LAGOS (AFP) – Nigeria’s new broader approach to tackling the Boko Haram insurgency won plaudits on Wednesday, with the plan seen as recognition that military might alone would not end the bloodshed.
National Security Adviser Sambo Dasuki unveiled the new measures in a rare public announcement that touched not only on past mistakes but indicated a more joined-up approach to tackling the crisis.
Dasuki’s “soft power” plan includes “de-radicalisation” programmes for suspected and convicted Boko Haram fighters as well as closer co-operation with communities most affected by the deadly violence.
Elizabeth Donnelly, from the Chatham House foreign affairs think-tank in London, said the policy was a “departure”, suggesting it was an attempt to regain the upper hand from the insurgents.
“I think the administration has really woken up to the fact that they have lost credibility and trust in communicating,” she told AFP.
“It (Dasuki’s speech) is very interesting as it’s a much more nuanced, holistic approach to the crisis…
“It’s quite self-critical in parts but his office is clearly making an effort to address key points of criticism.”
– Security overhaul –
Dasuki acknowledged in a speech that the militants, whose guerrilla tactics have killed thousands since 2009, had been more effective in conveying their message — and that had to change.
“We… have realised that those tasked with the responsibility to protect can no longer function within a framework of the past,” he said on Tuesday in Abuja.
He also drew parallels with the overhaul of the US national security apparatus after the September 11, 2001 attacks on New York and Washington that were in part blamed on intelligence failures.
Nigeria’s new National Counter-Terrorism Strategy had been 18 months in the making, he said, and was drawn up after consulting other countries with experience of a “war on terror”.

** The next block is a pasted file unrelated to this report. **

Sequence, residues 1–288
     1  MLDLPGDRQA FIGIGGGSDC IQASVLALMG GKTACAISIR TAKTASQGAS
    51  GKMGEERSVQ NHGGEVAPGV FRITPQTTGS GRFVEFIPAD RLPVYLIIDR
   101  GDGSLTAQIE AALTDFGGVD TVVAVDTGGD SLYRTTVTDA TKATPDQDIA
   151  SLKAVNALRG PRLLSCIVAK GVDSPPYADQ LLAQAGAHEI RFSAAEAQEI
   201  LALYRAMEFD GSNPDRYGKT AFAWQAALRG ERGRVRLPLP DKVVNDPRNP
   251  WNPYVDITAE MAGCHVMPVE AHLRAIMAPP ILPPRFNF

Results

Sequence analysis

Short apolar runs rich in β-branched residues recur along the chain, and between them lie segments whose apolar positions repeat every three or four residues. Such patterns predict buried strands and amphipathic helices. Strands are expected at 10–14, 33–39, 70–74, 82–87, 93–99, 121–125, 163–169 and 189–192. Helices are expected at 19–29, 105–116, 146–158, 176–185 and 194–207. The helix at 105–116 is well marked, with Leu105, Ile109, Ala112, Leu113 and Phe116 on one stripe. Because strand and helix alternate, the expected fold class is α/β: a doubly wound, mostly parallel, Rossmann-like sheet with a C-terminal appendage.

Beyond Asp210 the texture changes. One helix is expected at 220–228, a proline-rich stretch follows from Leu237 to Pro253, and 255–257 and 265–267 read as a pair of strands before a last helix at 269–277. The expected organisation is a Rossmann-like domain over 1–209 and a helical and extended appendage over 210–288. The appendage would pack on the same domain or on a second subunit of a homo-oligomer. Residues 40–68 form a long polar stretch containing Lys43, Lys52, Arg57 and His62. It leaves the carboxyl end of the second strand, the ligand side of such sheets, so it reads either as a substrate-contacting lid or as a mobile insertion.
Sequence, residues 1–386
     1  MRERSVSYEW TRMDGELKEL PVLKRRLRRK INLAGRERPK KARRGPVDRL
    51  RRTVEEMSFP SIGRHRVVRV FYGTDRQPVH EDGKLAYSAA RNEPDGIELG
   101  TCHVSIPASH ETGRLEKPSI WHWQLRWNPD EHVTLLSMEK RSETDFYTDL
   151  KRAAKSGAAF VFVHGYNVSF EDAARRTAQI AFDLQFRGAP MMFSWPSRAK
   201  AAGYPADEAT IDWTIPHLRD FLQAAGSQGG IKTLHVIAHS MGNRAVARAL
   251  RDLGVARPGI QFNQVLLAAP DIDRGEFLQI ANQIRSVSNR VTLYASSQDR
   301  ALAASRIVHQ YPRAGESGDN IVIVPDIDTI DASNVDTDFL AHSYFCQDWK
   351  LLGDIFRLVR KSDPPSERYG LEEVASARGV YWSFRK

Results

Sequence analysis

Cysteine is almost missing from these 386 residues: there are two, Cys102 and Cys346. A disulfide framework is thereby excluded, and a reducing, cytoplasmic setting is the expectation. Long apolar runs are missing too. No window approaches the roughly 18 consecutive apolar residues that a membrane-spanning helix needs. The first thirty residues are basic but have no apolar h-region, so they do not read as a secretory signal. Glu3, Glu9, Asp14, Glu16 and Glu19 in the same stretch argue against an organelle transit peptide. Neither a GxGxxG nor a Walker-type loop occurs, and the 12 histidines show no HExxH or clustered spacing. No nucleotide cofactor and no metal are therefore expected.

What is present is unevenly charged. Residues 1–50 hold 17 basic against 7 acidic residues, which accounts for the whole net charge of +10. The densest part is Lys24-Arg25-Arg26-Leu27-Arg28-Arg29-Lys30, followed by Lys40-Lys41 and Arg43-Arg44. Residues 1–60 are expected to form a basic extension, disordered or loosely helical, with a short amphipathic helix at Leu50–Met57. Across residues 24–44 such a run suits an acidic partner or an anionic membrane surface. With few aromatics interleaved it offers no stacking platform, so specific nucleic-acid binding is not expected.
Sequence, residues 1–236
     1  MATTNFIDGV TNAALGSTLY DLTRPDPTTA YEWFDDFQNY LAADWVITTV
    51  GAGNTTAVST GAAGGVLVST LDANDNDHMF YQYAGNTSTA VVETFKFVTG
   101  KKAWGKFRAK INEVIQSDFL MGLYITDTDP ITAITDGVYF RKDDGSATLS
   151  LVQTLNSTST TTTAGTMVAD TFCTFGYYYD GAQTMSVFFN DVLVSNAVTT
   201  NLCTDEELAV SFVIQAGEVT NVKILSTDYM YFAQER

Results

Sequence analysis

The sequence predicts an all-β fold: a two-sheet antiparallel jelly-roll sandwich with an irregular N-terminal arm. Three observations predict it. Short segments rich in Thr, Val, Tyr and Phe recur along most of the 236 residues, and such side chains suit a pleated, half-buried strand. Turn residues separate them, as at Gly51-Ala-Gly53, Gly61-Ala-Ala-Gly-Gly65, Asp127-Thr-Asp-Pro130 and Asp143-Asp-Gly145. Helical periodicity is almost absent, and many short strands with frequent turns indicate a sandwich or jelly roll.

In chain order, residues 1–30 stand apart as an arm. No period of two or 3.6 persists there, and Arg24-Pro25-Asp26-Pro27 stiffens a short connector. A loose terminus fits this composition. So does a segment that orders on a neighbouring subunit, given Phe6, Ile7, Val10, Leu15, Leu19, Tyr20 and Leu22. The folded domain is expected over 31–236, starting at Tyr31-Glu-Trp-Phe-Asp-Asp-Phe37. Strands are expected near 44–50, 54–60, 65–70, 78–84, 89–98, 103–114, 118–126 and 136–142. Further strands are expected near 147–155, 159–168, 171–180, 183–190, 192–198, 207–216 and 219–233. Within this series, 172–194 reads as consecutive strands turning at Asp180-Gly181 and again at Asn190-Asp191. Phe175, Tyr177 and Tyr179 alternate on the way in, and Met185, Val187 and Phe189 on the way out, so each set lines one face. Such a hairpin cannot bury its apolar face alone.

“Nigeria is taking this important but difficult and slow path. But we are making progress,” he added.
Deadly attacks blamed on Boko Haram have intensified since the turn of the year.
More than 700 people have died in the restive northeast, while tens of thousands more have fled for their lives, either in fear of further attacks or after militants razed their homes and businesses.
A wave of strikes, including the slaughter of boarding school students in their beds while they slept, has prompted international condemnation and raised questions about the military’s response.
Senior officers, however, maintain they have Boko Haram on the back foot and attribute the rise in violence to a weakened enemy lashing out as soldiers cut off escape routes, seizing arms and ammunition.
– Implementation key –
Defence and security analysts have long argued that the government needed to tackle the root causes of the problem, rather than only fighting fire with fire.
There were indications that the administration had taken this on board last year, when it began working more closely with the Kanuri people, who are dominant in the northeast and also in Boko Haram.
Dasuki said the strategy would address economic and social deprivation in the north, which have been pinpointed as factors in recruiting disaffected young men to radical ideologies worldwide.
“My approach has been to understand the problem in order to apply the appropriate solutions,” he added.
Central to this would be an “economic revitalisation programme” in the six northern states most hit by extremist violence, involving state and federal agencies, he said.
For analysts, successfully implementing the programme was the next step but Donnelly said the policy was “what international partners (of Nigeria) will have been waiting to hear”.
Virginia Comolli, from the International Institute for Strategic Studies, also said the approach was long overdue.
“It’s very, very likely that there’s an apparent realisation within the administration that more needs to be done,” she said.
“What’s good is that various elements within the Nigerian government have actually spoken to their counterparts in the UK, the US, Australia, Indonesia and various countries around the world to see what has worked.”